The following Personal Tax guidance note Produced by Tolley and written by Anne Redston. Anne is a barrister at Temple Tax Chambers and is not authorised to write on behalf of the Tribunals Service or the judiciary. provides comprehensive and up to date tax information covering:
This guidance note outlines what happens after the taxpayer receives the First-tier Tribunal decision notice.
Before you read this guidance note you should read the Appealing an HMRC decision ― outline guidance note. Remember that this guidance note, and the other guidance notes on appealing to the Tribunal, are only a summary; they do not cover all situations. You may need to take further advice in relation to the appeal position. If the taxpayer has received a decision from the Scottish First-tier Tribunal, the procedure may not be the same as that set out here. You are advised to take specialist advice.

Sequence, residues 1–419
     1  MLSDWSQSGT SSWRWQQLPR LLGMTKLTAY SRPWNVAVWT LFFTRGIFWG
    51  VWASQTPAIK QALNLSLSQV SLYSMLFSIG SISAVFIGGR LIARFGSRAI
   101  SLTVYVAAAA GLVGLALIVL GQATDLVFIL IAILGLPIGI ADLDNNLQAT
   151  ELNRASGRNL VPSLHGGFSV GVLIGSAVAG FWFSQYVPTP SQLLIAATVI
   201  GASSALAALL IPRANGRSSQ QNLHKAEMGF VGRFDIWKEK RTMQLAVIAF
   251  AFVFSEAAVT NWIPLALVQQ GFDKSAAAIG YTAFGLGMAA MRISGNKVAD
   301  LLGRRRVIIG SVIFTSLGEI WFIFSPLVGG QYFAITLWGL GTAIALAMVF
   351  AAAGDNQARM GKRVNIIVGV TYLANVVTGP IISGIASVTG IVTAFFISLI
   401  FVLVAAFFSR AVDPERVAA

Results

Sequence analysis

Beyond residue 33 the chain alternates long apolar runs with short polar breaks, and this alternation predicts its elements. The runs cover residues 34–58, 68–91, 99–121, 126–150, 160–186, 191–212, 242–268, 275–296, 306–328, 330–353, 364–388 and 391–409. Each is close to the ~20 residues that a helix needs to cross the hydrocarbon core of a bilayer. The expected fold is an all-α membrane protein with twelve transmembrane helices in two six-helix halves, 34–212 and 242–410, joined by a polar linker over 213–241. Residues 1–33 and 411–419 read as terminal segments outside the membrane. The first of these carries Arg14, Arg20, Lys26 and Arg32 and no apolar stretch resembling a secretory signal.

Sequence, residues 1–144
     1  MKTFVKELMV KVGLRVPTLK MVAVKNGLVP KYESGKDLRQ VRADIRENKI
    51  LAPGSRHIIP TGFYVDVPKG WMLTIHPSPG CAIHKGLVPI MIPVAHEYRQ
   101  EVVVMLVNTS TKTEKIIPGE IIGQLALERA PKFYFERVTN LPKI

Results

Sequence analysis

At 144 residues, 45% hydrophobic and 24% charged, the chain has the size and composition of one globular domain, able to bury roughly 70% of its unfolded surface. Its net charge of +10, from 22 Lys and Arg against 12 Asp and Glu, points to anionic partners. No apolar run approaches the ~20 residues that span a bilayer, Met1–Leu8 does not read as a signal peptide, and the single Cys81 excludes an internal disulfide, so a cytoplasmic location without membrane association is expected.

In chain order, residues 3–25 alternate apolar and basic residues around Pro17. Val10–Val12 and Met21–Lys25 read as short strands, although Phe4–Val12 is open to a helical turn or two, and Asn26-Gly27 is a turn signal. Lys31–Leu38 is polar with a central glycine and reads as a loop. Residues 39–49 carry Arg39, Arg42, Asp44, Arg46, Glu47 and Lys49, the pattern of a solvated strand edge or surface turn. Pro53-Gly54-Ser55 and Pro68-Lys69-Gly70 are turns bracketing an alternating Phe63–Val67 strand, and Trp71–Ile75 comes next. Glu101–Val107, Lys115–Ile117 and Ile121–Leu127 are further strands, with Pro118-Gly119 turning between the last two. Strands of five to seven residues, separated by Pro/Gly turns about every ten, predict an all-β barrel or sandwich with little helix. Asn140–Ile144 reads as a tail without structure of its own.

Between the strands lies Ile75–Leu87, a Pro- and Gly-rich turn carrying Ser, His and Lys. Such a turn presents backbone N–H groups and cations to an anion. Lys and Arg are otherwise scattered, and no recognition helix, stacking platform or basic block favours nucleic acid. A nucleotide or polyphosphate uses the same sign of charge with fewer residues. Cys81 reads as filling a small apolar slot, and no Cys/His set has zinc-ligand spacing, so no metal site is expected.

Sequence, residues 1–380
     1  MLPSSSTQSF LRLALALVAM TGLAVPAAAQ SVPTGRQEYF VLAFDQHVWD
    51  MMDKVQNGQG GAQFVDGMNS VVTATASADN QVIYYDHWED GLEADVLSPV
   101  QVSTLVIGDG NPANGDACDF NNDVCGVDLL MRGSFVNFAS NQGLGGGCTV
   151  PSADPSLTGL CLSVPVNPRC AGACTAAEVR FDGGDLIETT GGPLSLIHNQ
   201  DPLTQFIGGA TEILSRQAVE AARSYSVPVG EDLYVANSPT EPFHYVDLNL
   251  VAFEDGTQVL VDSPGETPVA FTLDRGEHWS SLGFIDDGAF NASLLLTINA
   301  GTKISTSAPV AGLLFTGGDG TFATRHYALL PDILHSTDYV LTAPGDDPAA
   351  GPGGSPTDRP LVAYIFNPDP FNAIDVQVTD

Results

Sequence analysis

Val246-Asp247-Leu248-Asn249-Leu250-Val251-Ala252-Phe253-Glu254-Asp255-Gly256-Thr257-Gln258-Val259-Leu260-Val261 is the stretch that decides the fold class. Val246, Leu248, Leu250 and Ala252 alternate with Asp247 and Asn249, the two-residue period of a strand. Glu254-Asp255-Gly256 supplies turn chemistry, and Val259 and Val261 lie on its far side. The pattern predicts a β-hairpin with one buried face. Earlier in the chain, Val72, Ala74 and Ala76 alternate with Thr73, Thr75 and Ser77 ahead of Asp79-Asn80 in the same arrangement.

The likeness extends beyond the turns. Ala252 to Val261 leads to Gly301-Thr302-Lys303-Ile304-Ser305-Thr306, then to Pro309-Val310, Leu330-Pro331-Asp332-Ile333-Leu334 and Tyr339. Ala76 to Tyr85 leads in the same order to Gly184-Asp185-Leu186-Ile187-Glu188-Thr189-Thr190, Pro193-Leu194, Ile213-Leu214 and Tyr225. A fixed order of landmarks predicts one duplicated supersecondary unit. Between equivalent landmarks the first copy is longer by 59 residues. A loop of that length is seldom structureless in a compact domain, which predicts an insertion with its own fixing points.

This guidance note, and the other related guidance notes on Tribunal appeals, sets out the position before the coronavirus (COVID-19) pandemic. However, Tribunal appeals, hearings and related procedures have all been affected by the coronavirus pandemic. You are strongly advised to read the Tax Tribunals and coronavirus (COVID-19) guidance note, as that commentary summarises the current position.
If the taxpayer is unhappy with the Tribunal’s decision, he has a limited number of options. He can ask for one or more of the following, each of which are explained below:
the decision to be set aside because of procedural irregularity or non-attendance, and / or
permission to appeal the decision to the Upper Tribunal (Tax and Chancery)
SI 2009/273, Part 4
If the taxpayer has won his appeal at the First-tier Tribunal, HMRC has the same options; it too can ask for corrections, set-aside, and / or permission to appeal.
All the options (except corrections) have costs implications for the taxpayer. These are discussed at the end of this guidance note.
If the Tribunal has made a clerical mistake or accidental slip, then you can ask for these to be corrected. There is no time limit. The decision is reissued with the correction and a small note is added to the end of the amended notice, indicating
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